F1, get set for the upcoming season in Bahrain

Photo of the upcoming F1 season in Bahrain on saturday.

The upcoming F1 season, now the lengthiest ever with a record-breaking 24 races, begins this Saturday in Bahrain, heralding what may prove to be a challenging journey for competitors aiming to close the gap and challenge Max Verstappen’s dominant Red Bull team.

Insights from last week’s three-day testing at the Sakhir circuit suggest that the reigning champions, who triumphed in nearly all of the 22 Grand Prix races last season, are poised to maintain their winning streak.

Despite expressions of confidence from Ferrari, Mercedes, McLaren, and Aston Martin regarding their new car designs and improved performance, the true extent of their progress remains to be seen.

There’s a widespread suspicion that when the race gets underway on Saturday night—marking the start of the season’s initial two rounds in the Middle East, adjusted a day earlier than usual to accommodate Ramadan—Red Bull will surge ahead and take the lead.

McLaren team principal Andrea Stella noted to reporters in Bahrain, “There’s one car that seems to have made a significant leap. Unfortunately, it’s the same car that was already the fastest last year.”

Fans eager for tighter competition and a shift in dominance after Red Bull’s overwhelming success with 38 victories in the last 44 races are hopeful that any potential gap between teams will narrow as the season progresses.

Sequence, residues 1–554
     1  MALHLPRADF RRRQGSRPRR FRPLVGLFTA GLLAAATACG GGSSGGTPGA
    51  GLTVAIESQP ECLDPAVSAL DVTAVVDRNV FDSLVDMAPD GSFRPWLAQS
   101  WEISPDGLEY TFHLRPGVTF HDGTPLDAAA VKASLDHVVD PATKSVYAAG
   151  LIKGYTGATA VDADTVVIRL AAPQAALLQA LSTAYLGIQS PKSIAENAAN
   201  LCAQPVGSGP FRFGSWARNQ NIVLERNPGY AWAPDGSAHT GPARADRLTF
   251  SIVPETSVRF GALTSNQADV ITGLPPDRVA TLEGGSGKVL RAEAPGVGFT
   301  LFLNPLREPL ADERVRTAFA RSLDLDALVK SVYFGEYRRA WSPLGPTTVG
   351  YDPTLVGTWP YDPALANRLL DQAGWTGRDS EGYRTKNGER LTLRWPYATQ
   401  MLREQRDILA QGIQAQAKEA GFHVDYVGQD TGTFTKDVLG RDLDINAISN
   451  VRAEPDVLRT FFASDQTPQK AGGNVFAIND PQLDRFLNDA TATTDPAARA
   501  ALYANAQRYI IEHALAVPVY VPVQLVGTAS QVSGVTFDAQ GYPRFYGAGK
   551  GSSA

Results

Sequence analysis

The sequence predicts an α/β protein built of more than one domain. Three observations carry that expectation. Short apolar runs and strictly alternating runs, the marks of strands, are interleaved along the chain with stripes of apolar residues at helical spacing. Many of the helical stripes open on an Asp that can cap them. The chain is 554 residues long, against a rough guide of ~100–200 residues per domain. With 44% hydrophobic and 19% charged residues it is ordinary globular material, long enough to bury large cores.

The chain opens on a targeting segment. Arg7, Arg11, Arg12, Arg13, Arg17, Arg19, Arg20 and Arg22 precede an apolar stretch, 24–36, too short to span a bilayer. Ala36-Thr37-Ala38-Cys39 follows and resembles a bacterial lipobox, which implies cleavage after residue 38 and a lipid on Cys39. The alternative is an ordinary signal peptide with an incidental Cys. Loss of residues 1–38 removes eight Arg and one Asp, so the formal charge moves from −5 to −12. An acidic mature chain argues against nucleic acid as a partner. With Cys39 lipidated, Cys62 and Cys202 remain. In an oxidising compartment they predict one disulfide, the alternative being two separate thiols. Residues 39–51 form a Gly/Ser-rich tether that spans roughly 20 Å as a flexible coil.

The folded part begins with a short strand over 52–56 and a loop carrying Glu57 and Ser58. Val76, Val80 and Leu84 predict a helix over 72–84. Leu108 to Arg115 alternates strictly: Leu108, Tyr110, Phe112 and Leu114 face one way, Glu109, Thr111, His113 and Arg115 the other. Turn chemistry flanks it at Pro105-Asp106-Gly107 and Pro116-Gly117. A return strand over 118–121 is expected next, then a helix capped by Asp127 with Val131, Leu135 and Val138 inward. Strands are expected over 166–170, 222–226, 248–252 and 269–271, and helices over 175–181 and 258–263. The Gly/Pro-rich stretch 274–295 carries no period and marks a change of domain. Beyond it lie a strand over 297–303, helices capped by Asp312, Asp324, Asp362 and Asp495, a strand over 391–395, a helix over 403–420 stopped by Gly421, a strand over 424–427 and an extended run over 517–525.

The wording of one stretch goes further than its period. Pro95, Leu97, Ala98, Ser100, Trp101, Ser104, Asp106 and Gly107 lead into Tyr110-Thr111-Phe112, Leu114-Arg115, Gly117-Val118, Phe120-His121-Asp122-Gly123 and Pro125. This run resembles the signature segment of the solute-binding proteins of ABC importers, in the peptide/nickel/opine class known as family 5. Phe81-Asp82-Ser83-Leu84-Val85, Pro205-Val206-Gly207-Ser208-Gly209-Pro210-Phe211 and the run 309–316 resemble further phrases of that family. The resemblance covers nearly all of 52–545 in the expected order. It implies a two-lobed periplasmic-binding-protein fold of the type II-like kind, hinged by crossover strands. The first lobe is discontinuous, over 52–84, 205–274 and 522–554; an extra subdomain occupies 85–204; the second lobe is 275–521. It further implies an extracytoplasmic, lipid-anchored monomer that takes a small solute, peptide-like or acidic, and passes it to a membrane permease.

With regulations remaining unchanged for a significant period, there’s typically a leveling of the playing field across the grid.

Australian driver Daniel Ricciardo, in conversation with Reuters, emphasized the increased number of races providing more track time, data, and chances to scrutinize rivals’ advancements, suggesting that significant shifts could occur during the F1 season.

Although Ferrari topped the testing charts, Mercedes also demonstrated promise with a more cooperative car compared to its previous model.

“We’re in a decent position,” noted Mercedes technical director James Allison following testing. “It’s no secret that Red Bull currently holds a slight advantage, but we’re committed to closing the gap and advancing strongly throughout the F1 season.”

The upcoming season signals the departure of seven-time world champion Lewis Hamilton from Mercedes, as he prepares to transition to Ferrari in 2025, filling the spot left by Spaniard Carlos Sainz.

The debate regarding who will step into Hamilton’s shoes at Mercedes will persist for months, alongside uncertainty regarding Max Verstappen’s future teammate, given that Mexican Sergio Perez’s contract expires at year’s end.

Despite cars not yet hitting the track, speculation is already rampant, particularly with more than half of the grid’s contracts nearing expiration.

China returns to the schedule for the first time since 2019, while Italy’s Imola is back after last year’s race was called off due to flooding.

Moreover, there will be six sprint weekends, introducing Miami and Shanghai for the first time, with a revamped format featuring a 100km race on Saturday prior to Sunday’s qualifying.

There are no newcomers to the driver lineup, and surprisingly, no changes have been made to the teams since the conclusion of the 2023 F1 season.

New faces in team management include Ayao Komatsu replacing Guenther Steiner at Haas, and Laurent Mekies taking over at the rebranded Visa Cash App RB team (previously AlphaTauri).

Additionally, Sauber-operated Alfa Romeo now competes as Stake F1 in areas where gambling laws allow.


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